After placing her family home up for sale in March, a Sacramento woman put one stipulation on the buyer — they must not support President Donald Trump.
The unidentified seller switched real estate agents prior to the current sale, however the offer on the home is more than six figures under the asking price, leaving many to wonder if politics are to blame.
The Carmichael, California, home is temporarily off the market six months later due to a pending sale, but was originally listed for $625,000 in March of this year. According to SF Gate, who found the prices on a real estate website, the closing sale is only bringing the owner $495,000 for the two-bedroom, two-bath home.
The average home value in Carmichael, a suburb of Sacramento, California, is $407,200 per home. according to real estate listing site, Zillow. However, due to the wide range of population in California, homes range in price from $275,000 to over $1 million.
The woman currently selling the home enlisted real estate agent JaCi Wallace, who works for Re/Max Gold, to help sell the home. According to the Sacramento Bee, Wallace was not aware of the special stipulations regarding the sale of the home, saying “she’s just a seller and she asked me to sell it.”
The homeowner’s political home-selling policy eventually made headlines back in March when the seller, without publicly announcing her name, spoke during a video interview, according to SF Gate.
“When you are talking about principles, morals and ethics, it’s very, very deep,” the homeowner said during the interview.
After the interview, news outlets and the general public questioned whether the woman’s efforts to sell only to buyers aligning with her political views was legal. The woman’s original realtor, Elizabeth Weintraub, said it could be difficult to screen potential buyers on politics.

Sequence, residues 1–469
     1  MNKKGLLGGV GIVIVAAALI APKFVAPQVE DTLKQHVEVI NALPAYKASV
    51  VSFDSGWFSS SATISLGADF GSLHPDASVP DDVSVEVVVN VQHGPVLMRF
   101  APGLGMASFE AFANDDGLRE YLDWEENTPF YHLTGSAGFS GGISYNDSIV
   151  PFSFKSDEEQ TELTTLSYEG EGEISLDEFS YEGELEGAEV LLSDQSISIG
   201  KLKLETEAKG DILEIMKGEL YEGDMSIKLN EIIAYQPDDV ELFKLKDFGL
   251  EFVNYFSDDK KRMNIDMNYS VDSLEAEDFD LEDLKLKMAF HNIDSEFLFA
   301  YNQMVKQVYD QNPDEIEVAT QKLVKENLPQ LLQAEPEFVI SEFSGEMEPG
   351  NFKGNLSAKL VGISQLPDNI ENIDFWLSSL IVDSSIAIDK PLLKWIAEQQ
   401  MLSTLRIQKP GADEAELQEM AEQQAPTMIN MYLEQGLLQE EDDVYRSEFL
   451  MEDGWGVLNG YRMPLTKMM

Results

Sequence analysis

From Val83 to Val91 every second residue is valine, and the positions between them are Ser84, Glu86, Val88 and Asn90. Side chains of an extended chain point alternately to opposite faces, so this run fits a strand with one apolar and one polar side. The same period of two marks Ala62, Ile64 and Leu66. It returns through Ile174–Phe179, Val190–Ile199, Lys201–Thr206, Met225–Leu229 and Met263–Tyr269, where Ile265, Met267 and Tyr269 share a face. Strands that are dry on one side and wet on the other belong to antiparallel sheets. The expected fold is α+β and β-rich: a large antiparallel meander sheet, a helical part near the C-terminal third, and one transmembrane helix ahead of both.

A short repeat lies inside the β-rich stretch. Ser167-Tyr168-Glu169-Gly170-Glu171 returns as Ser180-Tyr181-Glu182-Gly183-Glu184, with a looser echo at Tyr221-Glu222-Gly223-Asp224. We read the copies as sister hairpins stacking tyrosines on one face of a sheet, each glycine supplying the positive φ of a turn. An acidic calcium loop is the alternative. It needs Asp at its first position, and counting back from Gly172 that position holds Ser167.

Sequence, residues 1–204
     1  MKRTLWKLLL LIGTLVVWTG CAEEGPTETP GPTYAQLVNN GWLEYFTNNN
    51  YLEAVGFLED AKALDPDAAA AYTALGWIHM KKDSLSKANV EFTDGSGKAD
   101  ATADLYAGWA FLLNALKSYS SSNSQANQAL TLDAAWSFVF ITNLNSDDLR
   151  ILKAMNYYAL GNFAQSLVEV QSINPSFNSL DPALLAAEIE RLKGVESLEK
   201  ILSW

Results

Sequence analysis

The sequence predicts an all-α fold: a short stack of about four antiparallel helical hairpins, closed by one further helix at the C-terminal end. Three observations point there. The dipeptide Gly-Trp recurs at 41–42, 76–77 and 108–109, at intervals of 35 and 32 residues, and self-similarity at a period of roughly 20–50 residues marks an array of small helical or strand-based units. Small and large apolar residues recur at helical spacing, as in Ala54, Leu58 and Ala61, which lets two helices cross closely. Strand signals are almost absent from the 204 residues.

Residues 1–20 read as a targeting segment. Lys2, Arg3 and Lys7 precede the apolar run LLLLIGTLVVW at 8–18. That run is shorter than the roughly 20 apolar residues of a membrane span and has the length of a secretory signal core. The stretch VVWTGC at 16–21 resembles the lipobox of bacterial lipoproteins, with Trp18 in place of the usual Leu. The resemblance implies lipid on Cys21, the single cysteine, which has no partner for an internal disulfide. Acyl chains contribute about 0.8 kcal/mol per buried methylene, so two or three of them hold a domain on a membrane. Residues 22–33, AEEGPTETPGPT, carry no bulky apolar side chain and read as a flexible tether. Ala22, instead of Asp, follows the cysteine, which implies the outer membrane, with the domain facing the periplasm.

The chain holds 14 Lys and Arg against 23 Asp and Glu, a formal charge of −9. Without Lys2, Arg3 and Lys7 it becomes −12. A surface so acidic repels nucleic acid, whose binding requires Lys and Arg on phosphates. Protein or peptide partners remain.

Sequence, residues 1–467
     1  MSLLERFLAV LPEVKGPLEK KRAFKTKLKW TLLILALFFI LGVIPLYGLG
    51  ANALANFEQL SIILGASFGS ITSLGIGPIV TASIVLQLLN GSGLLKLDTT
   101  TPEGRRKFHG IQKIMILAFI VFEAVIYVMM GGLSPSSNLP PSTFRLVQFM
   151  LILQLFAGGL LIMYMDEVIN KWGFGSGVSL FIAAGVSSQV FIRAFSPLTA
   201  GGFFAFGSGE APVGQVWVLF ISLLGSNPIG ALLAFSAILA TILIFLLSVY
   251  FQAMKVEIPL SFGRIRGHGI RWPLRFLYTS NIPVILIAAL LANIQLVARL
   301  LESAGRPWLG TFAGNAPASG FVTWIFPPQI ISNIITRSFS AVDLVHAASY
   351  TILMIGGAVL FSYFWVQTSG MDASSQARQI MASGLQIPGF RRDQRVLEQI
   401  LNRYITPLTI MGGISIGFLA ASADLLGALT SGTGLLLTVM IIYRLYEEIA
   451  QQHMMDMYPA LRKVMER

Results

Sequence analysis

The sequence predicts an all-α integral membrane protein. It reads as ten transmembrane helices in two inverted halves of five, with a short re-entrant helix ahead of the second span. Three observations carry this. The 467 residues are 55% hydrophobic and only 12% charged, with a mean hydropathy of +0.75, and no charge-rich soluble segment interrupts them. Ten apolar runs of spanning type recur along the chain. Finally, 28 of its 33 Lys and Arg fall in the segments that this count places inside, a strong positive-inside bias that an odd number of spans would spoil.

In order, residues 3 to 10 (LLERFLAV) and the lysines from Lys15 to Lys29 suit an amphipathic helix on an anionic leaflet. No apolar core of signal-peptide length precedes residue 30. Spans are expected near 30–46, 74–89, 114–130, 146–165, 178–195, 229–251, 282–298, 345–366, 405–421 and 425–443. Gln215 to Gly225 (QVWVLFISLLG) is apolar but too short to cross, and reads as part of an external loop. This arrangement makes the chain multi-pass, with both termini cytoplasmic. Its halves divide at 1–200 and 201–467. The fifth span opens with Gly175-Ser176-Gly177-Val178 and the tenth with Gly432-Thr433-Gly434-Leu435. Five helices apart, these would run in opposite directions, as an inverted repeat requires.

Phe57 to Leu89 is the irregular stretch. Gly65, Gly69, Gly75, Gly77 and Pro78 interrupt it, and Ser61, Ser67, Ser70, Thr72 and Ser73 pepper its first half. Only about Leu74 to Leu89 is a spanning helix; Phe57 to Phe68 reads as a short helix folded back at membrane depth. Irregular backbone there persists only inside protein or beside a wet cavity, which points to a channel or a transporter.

“We can ask somebody how they voted, but they don’t have to tell us.”
According to attorney Allen Sawyer, the homeowner’s request may be illegal. Discrimination based on political views is “an unlawful contractual term that infringes the freedom of association and First Amendment rights,” he said.
“People have a right to believe what they want to believe, and they shouldn’t be restricted from purchasing property based on that.”
The Fair Housing Act forbids home sellers from discriminating against potential buyers based on race, color, religion, sex, handicap, familial status or nationality, but says nothing about political preference.
Sawyer believes anyone should be able to purchase a home, no matter their political preference, but the homeowner’s preference may have just cost her over $100,000.